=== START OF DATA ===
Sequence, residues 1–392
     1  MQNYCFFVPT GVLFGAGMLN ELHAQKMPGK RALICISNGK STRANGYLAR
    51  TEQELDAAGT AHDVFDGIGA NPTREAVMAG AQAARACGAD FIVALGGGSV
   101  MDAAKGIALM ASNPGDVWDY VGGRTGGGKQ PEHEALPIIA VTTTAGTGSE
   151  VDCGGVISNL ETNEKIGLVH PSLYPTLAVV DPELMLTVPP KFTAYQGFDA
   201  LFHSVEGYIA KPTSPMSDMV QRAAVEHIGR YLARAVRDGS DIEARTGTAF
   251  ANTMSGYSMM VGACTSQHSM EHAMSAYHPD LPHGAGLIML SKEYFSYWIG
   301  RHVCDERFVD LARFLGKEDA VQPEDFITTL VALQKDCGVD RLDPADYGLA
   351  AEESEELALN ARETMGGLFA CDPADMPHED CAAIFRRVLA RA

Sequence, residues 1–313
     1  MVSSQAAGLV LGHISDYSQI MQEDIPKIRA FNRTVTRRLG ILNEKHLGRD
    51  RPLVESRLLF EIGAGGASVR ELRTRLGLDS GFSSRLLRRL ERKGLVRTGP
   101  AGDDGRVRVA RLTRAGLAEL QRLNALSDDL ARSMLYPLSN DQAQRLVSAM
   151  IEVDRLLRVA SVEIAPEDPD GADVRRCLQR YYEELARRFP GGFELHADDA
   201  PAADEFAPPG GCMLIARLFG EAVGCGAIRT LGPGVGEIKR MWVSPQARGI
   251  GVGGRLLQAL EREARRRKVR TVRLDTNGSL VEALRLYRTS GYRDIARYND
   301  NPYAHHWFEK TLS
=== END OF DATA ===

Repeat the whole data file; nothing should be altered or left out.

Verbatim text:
Sequence, residues 1–392
     1  MQNYCFFVPT GVLFGAGMLN ELHAQKMPGK RALICISNGK STRANGYLAR
    51  TEQELDAAGT AHDVFDGIGA NPTREAVMAG AQAARACGAD FIVALGGGSV
   101  MDAAKGIALM ASNPGDVWDY VGGRTGGGKQ PEHEALPIIA VTTTAGTGSE
   151  VDCGGVISNL ETNEKIGLVH PSLYPTLAVV DPELMLTVPP KFTAYQGFDA
   201  LFHSVEGYIA KPTSPMSDMV QRAAVEHIGR YLARAVRDGS DIEARTGTAF
   251  ANTMSGYSMM VGACTSQHSM EHAMSAYHPD LPHGAGLIML SKEYFSYWIG
   301  RHVCDERFVD LARFLGKEDA VQPEDFITTL VALQKDCGVD RLDPADYGLA
   351  AEESEELALN ARETMGGLFA CDPADMPHED CAAIFRRVLA RA

Sequence, residues 1–313
     1  MVSSQAAGLV LGHISDYSQI MQEDIPKIRA FNRTVTRRLG ILNEKHLGRD
    51  RPLVESRLLF EIGAGGASVR ELRTRLGLDS GFSSRLLRRL ERKGLVRTGP
   101  AGDDGRVRVA RLTRAGLAEL QRLNALSDDL ARSMLYPLSN DQAQRLVSAM
   151  IEVDRLLRVA SVEIAPEDPD GADVRRCLQR YYEELARRFP GGFELHADDA
   201  PAADEFAPPG GCMLIARLFG EAVGCGAIRT LGPGVGEIKR MWVSPQARGI
   251  GVGGRLLQAL EREARRRKVR TVRLDTNGSL VEALRLYRTS GYRDIARYND
   301  NPYAHHWFEK TLS